American Samoa Gov’t v. Togiailua








High Court of American Samoa

Trial Division


CR No. 10-99


June 2, 1999



 [1] Unless provided by statute or constitutional provision, privileges in American Samoa are governed by the principles of common law.


[2] The spousal immunity privilege protects one spouse from testifying against the other concerning conduct or other facts of which he or she has personal knowledge.


[3] The spousal communications privilege shields private communications between husband and wife.


[4] The spousal immunity privilege does not apply in cases where a crime has been committed by one spouse against another spouse or against a child of the family.


[5] A defendant’s right to a speedy trial in a criminal prosecution is protected by Article I Section 6 of the Revised Constitution of American Samoa.


[6] Accused’s right to a speedy trial had not been abridged where jury trial was set for a time nearly seven (7) months post-arraignment, where defendant did not object to trial date at original trial setting, where defendant was charged with a homicide-related offense requiring substantial preparation and where criminal caseload of court was significant.


Before RICHMOND, Associate Justice, TUA`OLO, Chief Associate Judge, and ATIULAGI, Associate Judge.


Counsel: For Plaintiff, Frederick J. O’Brien, Assistant Attorney General

 For Defendant, Tautai A. F. Faalevao, Public Defender [3ASR3d79]








This matter involves the alleged murder of a young woman by her father, defendant Tuituaolo Olene Togiailua (“Togiailua”). The chief eyewitness for the prosecution is Tuituaolo’s wife, who has asserted that she does not wish to testify, purporting to invoke the privilege of spousal immunity.  A formal motion to suppress her statements and to prevent her from testifying was filed on April 17, 1999. The motion also requested an earlier trial date. Hearings were held on April 19 and May 3, 1999, with Togiailua and both counsel present. The court has reviewed the wife’s testimony, written submissions, and oral arguments on the issue of the spousal privilege.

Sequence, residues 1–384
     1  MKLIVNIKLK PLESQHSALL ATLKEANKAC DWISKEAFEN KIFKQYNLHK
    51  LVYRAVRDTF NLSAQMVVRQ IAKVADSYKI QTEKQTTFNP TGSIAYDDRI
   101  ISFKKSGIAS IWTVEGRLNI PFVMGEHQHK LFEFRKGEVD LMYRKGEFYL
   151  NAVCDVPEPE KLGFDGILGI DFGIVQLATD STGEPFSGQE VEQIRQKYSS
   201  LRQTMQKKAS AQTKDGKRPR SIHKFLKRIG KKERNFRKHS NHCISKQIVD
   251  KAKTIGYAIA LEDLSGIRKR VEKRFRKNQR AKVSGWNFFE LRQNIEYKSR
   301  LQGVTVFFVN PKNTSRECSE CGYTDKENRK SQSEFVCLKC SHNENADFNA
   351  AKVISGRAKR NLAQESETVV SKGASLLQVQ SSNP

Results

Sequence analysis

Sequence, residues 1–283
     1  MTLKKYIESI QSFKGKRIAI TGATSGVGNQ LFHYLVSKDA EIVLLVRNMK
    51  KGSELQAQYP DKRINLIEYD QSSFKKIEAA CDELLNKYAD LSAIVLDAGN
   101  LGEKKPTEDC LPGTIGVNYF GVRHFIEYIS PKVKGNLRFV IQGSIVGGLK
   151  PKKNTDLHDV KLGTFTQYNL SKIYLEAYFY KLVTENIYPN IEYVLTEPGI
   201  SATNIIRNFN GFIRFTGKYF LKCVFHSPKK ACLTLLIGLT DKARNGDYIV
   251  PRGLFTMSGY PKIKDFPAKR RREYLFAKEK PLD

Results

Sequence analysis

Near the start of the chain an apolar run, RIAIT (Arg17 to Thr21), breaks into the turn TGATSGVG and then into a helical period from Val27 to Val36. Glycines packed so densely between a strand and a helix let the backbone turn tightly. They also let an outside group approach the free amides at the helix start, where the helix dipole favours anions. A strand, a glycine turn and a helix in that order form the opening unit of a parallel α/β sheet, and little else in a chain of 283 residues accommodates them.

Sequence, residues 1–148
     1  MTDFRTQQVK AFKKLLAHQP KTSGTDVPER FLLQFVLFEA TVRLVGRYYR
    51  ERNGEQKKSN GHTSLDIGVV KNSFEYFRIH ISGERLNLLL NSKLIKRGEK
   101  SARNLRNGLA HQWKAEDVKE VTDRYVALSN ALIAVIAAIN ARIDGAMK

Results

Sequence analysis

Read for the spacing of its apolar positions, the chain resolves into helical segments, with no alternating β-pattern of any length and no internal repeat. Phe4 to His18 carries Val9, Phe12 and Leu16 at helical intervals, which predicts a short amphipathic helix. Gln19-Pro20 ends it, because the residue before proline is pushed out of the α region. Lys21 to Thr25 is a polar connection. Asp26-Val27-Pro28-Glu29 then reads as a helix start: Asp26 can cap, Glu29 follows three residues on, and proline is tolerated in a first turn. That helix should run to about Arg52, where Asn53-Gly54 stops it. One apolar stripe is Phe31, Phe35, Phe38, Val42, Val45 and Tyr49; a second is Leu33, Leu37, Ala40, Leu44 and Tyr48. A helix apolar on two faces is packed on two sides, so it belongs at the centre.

A.  Spousal Immunity Privilege


[1] The specific issue of the existence and application of the spousal immunity privilege is one of first impression in this jurisdiction. Privileges generally, however, are governed by TCRE 501:


Except as otherwise required by the Constitution of the United States or of American Samoa or provided by an Act of the Fono, the privileges of a witness, person, government or political subdivision thereof shall be governed by the principles of common law.


For guidance in our interpretation, we look to the development of the spousal privilege as it has evolved in the federal and various state courts.


[2-3] Originally, the notion of spousal immunity grew out of the pre-twentieth century concept that husband and wife were a single entity in the eyes of the law, and that each was therefore incompetent to sue or appear as a witness against the other. GLORIA M. SODARO & PAUL A.J. WILSON, TESTIMONIAL PRIVILEGES § 5.02 (Scott N. Stone & Robert K. Taylor eds., 2d ed. 1995). Although the laws regarding spousal relations—and particularly regarding women’s rights within the marriage—have changed dramatically since the late nineteenth century, the privilege of spousal immunity has survived under the rationale that it helps to promote harmony within the marriage and family. Hawkins v. United States, 358 U.S. 74, 79 (1958) (privilege properly perseveres to “foster family peace”).[1] [3ASR3d80]